Blue Water Thinking | MIT Technology Review


The names of many new companies and technologies created to address the impact of climate change on the marine ecosystem can evoke thrilling activities on the high seas. Wave killer Use a compressed air system to create a “wall” of bubbles up to 50 feet thick to prevent erosion and control waste and oil spills.This beginner It is a solar barge deployed by the Dutch non-governmental organization Ocean Cleanup along the rivers of Southeast Asia to collect tons of waste before it enters the sea. Nautical drone with Waste shark Build and deploy an autonomous drone fleet to sail in the ocean. The former collects weather and ocean data, and the latter collects garbage.

This (usually threatening) technical sample represents an increasingly diverse approach to combating ocean degradation-diversity is urgently needed because climate change has waged war on the health of the world’s oceans in many different ways.The level of carbon emissions raises air and water temperatures, which in turn causes the polar ice caps to melt so fast that NASA It is estimated that by 2100, global sea levels will rise by half a centimeter every year.

To cope with the challenge of climate warming, sea level rise is critical to many aspects of global sustainable development, but two aspects are particularly prominent. One is coastal habitats: as the world’s coastlines recede and degrade, the homes and livelihoods of one third of the world’s population living in coastal areas may undergo irreversible changes in this generation. The second is global food supply. Ignoring the economic setbacks caused by the global covid-19 pandemic, exponential growth in global trade and protein consumption has pushed ocean transportation and commercial fishing to increasingly unsustainable levels.

Increasing consumer demand and the systematic failure to recycle and manage solid waste have also increased the 150 million tons of plastic in the ocean today by 8 million tons. Marine Conservation Association. Marine plastic waste is both a direct inherent sustainability challenge-affecting various industries from aquaculture to tourism-and a harmful long-tail threat to the global ecology, as ocean tides decompose plastic waste into microplastics and infiltrate Food chain.This is an area where a broad response portfolio of technical support is expanding, from the aforementioned foam walls and waste-eating drone fleets to the creation of New polymer soluble in seawater, To manage information and insights about maritime business activities through sensors and analysis that supports artificial intelligence.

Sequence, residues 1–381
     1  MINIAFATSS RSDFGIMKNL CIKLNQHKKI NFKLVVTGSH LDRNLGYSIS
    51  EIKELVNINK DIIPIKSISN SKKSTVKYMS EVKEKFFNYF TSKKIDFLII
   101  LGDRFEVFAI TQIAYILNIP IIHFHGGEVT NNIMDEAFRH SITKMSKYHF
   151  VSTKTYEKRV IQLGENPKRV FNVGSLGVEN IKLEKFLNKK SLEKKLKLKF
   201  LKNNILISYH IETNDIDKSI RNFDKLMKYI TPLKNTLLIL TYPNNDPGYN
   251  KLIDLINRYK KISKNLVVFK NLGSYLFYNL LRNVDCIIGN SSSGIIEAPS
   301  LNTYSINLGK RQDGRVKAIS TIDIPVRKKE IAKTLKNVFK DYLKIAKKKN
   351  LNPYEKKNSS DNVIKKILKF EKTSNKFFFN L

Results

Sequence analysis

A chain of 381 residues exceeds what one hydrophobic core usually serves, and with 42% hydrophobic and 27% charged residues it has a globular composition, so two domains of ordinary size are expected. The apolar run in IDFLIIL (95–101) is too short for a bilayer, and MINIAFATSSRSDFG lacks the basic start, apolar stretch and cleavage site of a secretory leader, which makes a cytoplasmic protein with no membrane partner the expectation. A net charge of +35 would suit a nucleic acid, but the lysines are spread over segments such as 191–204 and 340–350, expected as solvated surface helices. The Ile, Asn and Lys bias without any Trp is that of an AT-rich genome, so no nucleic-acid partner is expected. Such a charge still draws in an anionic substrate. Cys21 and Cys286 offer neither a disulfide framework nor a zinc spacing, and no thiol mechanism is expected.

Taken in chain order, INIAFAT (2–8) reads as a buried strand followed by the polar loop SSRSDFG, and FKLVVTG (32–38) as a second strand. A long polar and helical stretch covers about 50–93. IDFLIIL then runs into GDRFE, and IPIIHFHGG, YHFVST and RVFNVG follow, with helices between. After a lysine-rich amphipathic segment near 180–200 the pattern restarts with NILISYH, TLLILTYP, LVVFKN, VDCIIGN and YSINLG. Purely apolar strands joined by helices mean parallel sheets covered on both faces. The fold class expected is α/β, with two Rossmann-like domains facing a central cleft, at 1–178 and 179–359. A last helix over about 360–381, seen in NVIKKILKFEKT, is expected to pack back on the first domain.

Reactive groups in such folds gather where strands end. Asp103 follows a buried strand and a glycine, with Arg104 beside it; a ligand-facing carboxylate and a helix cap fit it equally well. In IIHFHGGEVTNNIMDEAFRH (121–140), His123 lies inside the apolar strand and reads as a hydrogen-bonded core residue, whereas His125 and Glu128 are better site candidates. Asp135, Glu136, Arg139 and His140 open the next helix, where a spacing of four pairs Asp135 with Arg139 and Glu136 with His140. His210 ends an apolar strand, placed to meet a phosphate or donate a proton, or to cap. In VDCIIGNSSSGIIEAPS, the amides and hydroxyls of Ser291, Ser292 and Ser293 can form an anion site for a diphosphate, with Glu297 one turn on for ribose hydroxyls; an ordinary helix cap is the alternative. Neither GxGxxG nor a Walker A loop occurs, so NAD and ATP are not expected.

But more is needed-more technology deployment, more investment in innovation, more regulation and government supervision-to effectively alleviate the rise of ocean plastics and countless other threats to the world’s oceans.

In this context, MIT Technology Review’s customized content department, MIT Technology Review Insights, is launching a global research program to evaluate how to deploy new “blue economy” technologies and solutions to clean our oceans and reduce ocean-related issues. Carbon emissions and improve the sustainability of the maritime industry. The project will eventually release the “Blue Technology Barometer”, which will quantify where in the world’s coastal economies are creating and effectively deploying relevant technologies and solutions to address everything from reducing carbon emissions in container shipping and port logistics to addressing climate The challenge of change. Illegal, unreported and unregulated activities.

The barometer will assess these efforts in more than 50 coastal countries and regions around the world and rank them using econometric models based on massive amounts of data and forecasts from dozens of sources.The model and research methods will be created based on MIT Technology Review Insights Green Future Index-Our basic global ranking in terms of progress and potential for decarbonization-will be an important complement to our ever-expanding portfolio of comprehensive research projects on the role of research technologies in promoting sustainable development.

The barometer will also review national and transnational efforts to deploy technical, regulatory, and commercial solutions that can both address climate change and reduce damage to the marine environment and cryosphere. By evaluating this intersection of innovative thinking and action, the barometer aims to highlight which coastal economies are operating most effectively to ensure a blue tomorrow.

This content was produced by Insights, the custom content division of MIT Technology Review. It was not written by the editors of MIT Technology Review.


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